Historical landmarks that tell the tale of America

As far as countries go, the United States of America is still very young. Yet, in such a short time it has amassed a remarkably rich history and culture. Nowhere is this more evident than in many of the United States' most significant landmarks that tell the tale of the nation’s triumphs and failures. Here are five historical landmarks that tell the story of America.

Independence Hall, Philadelphia

It seems most appropriate that you begin your exploration of American history at the country's birthplace, in Philadelphia. Independence Hall is the very spot where the nation's birth certificate — the Declaration of Independence — was first debated and adopted, and its bell tower once housed the ubiquitous Liberty Bell. Today, historical re-enactments help tourists discover the inception of the United States.

Gettysburg National Military Park, Gettysburg, Penn.

Next, pay a visit to Gettysburg where, four score and seven years after the Declaration of Independence was signed, the nation faced its greatest test. Often thought of as the turning point in the American Civil War, the Battle of Gettysburg was a defining moment in American history.

Today, Gettysburg National Military Park commemorates those who fought the bloody three-day battle with a broad range of historical exhibits and attractions. Tourists can explore the history of Gettysburg in a 22,000-square-foot visitor's center, and traverse the battlefield along a network of walking trails that pass key battle sites. With over 1,300 monuments peppered across the park, Gettysburg is home to one of the largest collections of outdoor sculptures in the world. If possible, try visiting in early-July, when Civil War re-enactments commemorate the momentous battle.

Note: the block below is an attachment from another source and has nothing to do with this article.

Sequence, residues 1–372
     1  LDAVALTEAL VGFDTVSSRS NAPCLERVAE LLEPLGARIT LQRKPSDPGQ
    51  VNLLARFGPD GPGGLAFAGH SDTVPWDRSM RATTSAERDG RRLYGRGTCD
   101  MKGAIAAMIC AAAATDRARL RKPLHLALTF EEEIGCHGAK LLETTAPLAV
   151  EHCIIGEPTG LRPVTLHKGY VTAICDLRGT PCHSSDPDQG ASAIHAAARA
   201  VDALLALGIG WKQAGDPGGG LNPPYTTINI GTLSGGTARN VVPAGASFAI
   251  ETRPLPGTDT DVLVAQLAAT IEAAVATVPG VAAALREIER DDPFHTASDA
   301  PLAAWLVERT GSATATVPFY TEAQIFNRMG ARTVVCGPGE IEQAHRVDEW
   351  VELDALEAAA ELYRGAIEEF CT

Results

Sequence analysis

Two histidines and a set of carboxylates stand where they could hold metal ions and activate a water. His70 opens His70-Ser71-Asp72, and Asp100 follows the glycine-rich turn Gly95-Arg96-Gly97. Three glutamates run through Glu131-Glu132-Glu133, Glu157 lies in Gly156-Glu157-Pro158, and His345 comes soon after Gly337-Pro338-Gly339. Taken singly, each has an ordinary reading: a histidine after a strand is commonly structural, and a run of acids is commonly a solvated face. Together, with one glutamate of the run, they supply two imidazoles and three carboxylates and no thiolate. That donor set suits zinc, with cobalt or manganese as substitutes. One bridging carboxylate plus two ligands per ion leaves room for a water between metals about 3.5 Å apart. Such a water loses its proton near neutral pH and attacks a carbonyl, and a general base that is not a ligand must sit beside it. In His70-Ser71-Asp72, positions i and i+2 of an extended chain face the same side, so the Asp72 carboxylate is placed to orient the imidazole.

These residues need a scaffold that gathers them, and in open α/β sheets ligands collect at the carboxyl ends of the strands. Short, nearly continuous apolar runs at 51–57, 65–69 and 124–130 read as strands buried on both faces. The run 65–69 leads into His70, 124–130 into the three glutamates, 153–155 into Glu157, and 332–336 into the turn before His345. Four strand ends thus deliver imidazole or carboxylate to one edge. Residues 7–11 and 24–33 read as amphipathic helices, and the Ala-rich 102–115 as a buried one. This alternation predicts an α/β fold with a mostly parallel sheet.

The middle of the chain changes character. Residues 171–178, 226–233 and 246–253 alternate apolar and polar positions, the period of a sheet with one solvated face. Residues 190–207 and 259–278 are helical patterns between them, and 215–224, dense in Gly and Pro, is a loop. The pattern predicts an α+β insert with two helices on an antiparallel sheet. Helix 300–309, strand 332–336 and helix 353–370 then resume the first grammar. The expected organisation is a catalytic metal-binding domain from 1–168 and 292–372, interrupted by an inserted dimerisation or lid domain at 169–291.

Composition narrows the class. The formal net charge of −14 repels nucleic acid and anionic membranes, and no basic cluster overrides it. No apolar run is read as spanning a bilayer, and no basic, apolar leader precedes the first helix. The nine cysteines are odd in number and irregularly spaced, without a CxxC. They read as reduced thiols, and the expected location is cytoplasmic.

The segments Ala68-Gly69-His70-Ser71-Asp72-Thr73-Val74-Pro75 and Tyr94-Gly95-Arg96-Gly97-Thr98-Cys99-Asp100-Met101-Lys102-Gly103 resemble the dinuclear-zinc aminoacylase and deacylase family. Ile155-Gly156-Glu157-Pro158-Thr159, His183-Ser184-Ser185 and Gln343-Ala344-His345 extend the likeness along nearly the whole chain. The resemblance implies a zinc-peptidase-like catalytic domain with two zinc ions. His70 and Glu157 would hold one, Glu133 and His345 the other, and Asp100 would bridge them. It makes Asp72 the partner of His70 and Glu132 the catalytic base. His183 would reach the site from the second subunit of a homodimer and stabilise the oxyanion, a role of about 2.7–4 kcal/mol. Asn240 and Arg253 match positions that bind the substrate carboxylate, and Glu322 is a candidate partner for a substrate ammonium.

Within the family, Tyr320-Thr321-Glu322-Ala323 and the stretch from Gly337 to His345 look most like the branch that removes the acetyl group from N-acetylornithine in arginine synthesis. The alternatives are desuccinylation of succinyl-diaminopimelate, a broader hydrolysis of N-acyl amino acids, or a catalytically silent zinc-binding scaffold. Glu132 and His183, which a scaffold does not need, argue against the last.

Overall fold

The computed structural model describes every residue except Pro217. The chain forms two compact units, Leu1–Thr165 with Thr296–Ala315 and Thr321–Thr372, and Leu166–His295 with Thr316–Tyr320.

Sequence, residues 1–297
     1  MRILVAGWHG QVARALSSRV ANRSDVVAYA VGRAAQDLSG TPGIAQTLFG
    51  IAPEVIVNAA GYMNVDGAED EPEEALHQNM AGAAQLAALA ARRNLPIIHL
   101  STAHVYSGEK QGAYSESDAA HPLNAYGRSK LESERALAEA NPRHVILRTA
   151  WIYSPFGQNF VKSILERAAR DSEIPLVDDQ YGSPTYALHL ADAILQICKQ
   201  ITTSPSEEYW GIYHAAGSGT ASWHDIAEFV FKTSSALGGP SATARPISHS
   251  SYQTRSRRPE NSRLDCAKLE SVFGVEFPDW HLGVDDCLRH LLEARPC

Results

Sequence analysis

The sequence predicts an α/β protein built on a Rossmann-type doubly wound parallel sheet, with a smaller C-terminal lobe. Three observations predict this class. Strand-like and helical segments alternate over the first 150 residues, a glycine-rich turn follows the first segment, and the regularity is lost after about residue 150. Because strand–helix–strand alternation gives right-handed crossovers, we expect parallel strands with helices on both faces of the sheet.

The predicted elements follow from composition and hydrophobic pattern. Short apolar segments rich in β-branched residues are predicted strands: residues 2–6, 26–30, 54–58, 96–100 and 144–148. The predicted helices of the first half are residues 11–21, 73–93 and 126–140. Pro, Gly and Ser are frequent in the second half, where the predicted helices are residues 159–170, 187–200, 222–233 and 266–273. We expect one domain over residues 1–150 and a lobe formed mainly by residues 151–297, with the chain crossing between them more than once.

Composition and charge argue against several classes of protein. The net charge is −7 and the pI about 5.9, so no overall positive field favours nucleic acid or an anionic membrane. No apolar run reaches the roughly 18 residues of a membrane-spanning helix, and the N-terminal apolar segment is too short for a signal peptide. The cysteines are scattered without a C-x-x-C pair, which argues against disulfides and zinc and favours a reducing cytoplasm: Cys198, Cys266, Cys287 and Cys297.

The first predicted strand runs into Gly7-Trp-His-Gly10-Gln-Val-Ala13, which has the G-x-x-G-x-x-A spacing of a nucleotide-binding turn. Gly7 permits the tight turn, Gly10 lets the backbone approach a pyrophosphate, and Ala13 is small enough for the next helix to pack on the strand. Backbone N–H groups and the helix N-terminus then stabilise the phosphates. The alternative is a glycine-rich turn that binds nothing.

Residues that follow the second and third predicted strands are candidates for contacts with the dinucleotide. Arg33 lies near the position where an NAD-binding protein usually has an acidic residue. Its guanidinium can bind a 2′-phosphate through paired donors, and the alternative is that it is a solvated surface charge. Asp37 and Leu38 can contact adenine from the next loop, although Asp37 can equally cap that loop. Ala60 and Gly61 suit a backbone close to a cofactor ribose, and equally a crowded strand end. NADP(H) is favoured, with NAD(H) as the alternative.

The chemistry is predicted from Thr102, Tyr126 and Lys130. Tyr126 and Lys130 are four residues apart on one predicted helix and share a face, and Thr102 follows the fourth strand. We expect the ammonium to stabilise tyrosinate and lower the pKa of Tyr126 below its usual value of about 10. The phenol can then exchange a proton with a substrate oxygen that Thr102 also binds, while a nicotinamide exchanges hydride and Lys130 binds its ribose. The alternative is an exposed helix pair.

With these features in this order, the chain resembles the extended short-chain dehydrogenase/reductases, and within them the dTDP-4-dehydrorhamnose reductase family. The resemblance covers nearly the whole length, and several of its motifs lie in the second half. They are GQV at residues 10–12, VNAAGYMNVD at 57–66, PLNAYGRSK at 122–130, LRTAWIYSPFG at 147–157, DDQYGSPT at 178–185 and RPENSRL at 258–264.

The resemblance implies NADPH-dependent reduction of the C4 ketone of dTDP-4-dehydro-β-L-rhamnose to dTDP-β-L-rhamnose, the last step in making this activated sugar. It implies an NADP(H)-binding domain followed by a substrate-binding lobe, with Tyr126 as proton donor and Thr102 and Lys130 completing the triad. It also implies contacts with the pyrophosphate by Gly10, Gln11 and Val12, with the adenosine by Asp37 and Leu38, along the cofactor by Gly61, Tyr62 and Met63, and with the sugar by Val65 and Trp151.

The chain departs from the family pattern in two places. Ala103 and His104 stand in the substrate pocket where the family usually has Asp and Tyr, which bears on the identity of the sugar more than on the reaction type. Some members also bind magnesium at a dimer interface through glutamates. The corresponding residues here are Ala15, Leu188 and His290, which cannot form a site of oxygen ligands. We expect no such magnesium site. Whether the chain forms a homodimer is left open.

Lincoln Memorial, Washington, D.C.

One of the capital's most iconic landmarks symbolizes numerous key moments in American history. The neo-classical building and 19-foot marble statue at the Lincoln Memorial were built to commemorate the life and achievements of America's 16th president. In the 1960s, the memorial became a symbolically sacred site for the Civil Rights movement, as the venue for numerous historic civil rights. Most significantly, it was the site of the 1963 March on Washington where Martin Luther King delivered his historic "I Have a Dream" speech.

Ellis Island, New York City

Immigration helped build and define America, as individuals from every race and creed came to this country in search of peace and prosperity. For the hundreds of millions of Americans whose ancestors originally arrived from overseas, Ellis Island is a reminder of these origins. During its 62 years as the main entry point for immigrants, the island processed some 12 million people. The island was restored and reopened in 1990, and now offers visitors a glimpse at the harsh life and struggles of their ancestors.

John F. Kennedy Space Center, Merritt Island, Fla.

The moon landing represented the culmination of American technological and scientific ingenuity. It was a true testament to all that was possible with human cooperation and determination. This achievement was a major victory for America in the Space Race and was emblematic of the Cold War tensions that came to characterize much of the 20th century. Perhaps no historical site represents modern American achievement better than the space center from which that momentous flight was launched. Today, the Kennedy Space Center invites tourists to celebrate the achievements of the past.